Race Disparity report 2017: A harsh reality

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The much-anticipated Race Disparity report was released on October 10 2017 with the report being commissioned in August 2016 by Prime Minister Theresa May. May said the report was created to tackle “burning injustices” in our society.

Reaction to the report has been mixed, with many people angered by the fact that this report shed light on what they already knew – that the great racial divide has existed in Britain for decades.

This divide won’t disappear just by the report getting published. Research has shown that austerity in the country has damaged Black, Asian and minority ethnic (BAME) the most, and is going to get worse. The stark gaps between all groups in Britain have detrimental effects for everyone.

It is important to note that Scottish, Northern Irish and Welsh issues weren’t specifically focused on:

“1.9 Data for Scotland, Wales and Northern Ireland is only included if it pertains to policy areas that are not devolved and remain the responsibility of central government departments. Also, data on local services – such as on local authority homelessness acceptances, police use of stop and search, and progress and attainment in schools – is only presented where it is compiled by central Government departments.”

Included in the report were areas from all parts of society: education, crime, health, and income as well as many other areas.

Here are some key findings:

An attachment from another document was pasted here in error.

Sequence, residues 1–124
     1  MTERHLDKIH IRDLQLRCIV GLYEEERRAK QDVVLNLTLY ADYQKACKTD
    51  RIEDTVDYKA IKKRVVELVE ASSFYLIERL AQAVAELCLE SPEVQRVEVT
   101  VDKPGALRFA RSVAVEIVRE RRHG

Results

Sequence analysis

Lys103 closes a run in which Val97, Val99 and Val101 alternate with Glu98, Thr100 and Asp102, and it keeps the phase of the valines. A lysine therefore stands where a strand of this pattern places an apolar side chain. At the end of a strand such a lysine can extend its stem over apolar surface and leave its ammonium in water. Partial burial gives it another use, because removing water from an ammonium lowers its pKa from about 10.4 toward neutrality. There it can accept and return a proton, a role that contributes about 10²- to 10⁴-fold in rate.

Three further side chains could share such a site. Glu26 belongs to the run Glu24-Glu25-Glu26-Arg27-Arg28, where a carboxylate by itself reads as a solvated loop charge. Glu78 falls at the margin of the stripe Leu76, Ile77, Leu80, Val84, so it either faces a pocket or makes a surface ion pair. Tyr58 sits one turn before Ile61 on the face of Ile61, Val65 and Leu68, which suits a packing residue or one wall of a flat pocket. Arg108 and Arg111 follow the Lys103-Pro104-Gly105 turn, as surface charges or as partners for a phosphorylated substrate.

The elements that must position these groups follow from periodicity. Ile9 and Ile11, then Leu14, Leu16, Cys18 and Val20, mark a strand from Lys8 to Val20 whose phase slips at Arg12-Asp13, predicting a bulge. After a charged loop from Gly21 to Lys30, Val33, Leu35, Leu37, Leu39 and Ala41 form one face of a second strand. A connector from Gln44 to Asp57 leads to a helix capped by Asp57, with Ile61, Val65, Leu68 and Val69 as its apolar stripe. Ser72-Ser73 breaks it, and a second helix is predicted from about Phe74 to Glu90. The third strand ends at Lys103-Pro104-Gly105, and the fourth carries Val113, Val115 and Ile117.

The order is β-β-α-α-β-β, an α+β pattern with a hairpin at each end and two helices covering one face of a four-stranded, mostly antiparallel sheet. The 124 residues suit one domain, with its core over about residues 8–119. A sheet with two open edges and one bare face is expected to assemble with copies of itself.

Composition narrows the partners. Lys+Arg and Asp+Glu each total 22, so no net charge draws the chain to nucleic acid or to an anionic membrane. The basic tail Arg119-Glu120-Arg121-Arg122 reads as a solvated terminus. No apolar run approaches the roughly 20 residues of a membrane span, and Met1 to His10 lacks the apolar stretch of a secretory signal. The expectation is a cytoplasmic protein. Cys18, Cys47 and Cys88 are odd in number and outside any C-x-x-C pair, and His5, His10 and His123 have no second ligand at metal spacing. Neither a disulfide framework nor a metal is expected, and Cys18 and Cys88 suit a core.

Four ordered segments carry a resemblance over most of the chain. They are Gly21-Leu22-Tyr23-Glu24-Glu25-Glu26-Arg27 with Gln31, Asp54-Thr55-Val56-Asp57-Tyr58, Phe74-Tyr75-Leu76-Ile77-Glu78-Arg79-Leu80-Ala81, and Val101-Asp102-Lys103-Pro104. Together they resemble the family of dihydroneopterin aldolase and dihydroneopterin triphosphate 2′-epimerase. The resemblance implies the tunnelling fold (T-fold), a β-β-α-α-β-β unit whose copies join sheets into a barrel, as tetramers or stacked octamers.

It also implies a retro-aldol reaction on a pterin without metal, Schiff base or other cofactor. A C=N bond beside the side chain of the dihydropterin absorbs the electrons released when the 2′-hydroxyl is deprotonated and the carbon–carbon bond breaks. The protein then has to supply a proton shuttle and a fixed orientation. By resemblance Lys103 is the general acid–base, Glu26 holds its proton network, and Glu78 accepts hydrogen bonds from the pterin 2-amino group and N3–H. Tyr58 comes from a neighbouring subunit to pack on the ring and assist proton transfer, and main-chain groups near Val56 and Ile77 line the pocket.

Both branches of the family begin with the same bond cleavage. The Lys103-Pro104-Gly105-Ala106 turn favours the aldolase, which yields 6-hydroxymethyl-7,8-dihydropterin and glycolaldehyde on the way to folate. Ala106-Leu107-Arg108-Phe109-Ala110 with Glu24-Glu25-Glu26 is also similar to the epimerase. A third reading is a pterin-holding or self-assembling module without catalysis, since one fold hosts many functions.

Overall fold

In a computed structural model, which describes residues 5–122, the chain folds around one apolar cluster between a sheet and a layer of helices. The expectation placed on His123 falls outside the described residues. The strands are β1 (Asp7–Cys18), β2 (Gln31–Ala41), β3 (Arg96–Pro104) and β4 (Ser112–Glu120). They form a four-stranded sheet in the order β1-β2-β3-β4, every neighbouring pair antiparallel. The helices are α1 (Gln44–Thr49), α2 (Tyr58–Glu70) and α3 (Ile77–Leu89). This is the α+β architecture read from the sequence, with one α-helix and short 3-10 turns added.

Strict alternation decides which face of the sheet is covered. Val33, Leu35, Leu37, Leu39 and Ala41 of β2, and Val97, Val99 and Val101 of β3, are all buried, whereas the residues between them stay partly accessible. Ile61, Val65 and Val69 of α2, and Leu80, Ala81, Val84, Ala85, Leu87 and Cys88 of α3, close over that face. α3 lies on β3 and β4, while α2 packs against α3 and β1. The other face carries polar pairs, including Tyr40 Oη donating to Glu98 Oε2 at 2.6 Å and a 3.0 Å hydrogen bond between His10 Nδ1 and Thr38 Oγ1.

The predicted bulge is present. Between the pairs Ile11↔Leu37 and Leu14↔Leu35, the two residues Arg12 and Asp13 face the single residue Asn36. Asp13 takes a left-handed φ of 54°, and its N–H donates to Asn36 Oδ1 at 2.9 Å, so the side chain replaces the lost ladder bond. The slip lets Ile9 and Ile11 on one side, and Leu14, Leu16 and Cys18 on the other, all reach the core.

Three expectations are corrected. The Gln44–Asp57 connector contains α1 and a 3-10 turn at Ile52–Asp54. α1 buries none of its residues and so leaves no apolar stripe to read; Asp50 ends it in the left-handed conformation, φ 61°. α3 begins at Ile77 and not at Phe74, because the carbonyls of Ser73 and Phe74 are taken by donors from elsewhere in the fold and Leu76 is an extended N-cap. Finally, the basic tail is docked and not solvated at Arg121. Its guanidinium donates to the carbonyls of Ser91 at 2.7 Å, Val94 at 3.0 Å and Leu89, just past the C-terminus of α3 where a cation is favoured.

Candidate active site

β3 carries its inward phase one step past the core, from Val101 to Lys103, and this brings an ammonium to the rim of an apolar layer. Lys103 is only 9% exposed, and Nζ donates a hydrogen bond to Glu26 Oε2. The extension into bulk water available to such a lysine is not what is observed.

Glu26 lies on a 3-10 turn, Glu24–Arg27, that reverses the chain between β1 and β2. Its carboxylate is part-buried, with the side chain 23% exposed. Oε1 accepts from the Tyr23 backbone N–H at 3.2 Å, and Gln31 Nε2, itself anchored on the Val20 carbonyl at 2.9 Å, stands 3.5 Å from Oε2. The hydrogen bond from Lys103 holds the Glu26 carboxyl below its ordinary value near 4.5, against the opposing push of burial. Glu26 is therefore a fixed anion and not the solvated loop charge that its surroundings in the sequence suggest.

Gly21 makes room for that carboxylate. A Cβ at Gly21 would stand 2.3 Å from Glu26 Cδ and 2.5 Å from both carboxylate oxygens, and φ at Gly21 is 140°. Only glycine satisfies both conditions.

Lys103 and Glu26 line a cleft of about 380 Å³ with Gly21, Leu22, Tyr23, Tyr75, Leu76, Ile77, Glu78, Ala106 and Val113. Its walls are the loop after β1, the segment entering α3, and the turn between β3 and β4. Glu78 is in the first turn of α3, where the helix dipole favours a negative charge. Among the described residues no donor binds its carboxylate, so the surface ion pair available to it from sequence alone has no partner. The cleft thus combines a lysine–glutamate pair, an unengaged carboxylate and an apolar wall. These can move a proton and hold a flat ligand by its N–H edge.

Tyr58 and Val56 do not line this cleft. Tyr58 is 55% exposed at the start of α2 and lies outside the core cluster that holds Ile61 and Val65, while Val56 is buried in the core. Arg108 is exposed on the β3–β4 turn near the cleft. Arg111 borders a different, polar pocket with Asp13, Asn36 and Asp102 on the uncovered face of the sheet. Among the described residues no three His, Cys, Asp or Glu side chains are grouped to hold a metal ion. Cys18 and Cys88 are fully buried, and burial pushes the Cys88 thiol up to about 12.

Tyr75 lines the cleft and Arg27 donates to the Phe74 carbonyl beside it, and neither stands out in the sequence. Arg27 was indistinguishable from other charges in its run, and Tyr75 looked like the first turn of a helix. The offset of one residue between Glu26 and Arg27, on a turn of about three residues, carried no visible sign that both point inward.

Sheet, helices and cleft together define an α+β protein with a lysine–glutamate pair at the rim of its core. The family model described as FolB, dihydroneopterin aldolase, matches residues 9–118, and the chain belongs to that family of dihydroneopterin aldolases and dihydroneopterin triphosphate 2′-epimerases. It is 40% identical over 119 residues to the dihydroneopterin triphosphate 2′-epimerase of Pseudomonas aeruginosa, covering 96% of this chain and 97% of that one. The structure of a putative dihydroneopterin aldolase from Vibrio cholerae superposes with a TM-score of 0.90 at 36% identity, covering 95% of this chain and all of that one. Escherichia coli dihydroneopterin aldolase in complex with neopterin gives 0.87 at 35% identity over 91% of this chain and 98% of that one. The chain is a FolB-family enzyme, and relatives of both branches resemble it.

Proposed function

1) The UK is more ethnically diverse, with White British in England and Wales decreasing from 87.4% in 2001 to 80.5% in 2011.

2) Employment rates have increased for all ethnic groups since 2004 but differences still exist in the labour market.

3) Pupils in several ethnic groups are achieving and progressing better than White British pupils, with Chinese and Indian students having the highest rate of progress and rates of entry for university.


4) Gypsy and Roma children have the lowest attainment of all ethnic groups throughout school years.

5) Home ownership is most common among Pakistani, Indian and White British.

6) Lower levels of confidence in police exist among Black people – specifically young Black adults.

7) Black men are three and ½ times more likely to be arrested than white men and six times more likely to be stopped and searched. Broken down that is for every 1000 White people – five are stopped and searched. In comparison, for every 1000 Black people – 31 are stopped and searched.

8) Mental disorders such as anxiety and depression are most prevalent amongst Black women. In 2014, 29% of Black women experienced the above illnesses.

9) In 2016, an estimated one in 17 police officers were from a non-white ethnic minority group, increasing over the past decade.

10) 18% of the whole nonmedical NHS workforce were from a non-White ethnic minority group.


This report is out now to the public, but what difference will it make? What course of action will May and the government take to change these “burning injustices”? Simply creating a report won’t solve the problems faced by BAME communities.

Right now, nothing is being done. The Universal Credit system is irrepairable beyond means, education rates are slipping, and the gap between the rich and poor is growing by the day – and let’s not forget the NHS cuts taking place.

What we need is a plan of action – we need meetings to be held in the cabinet. The government and other organisations need to put the citizens of the country first and prioritise what needs to be done.

Money needs to be spent on programs that work, focus on ending the teacher shortage, and to condemn institutional racism in the police force. Yes, these things are easy to list off, but the leaders of the government need to address these issues and do something about it. Releasing a report is just the beginning.

If you are interested in finding out more regarding the report, use these links below:


https://www.ethnicity-facts-figures.service.gov.uk/ (for further info)

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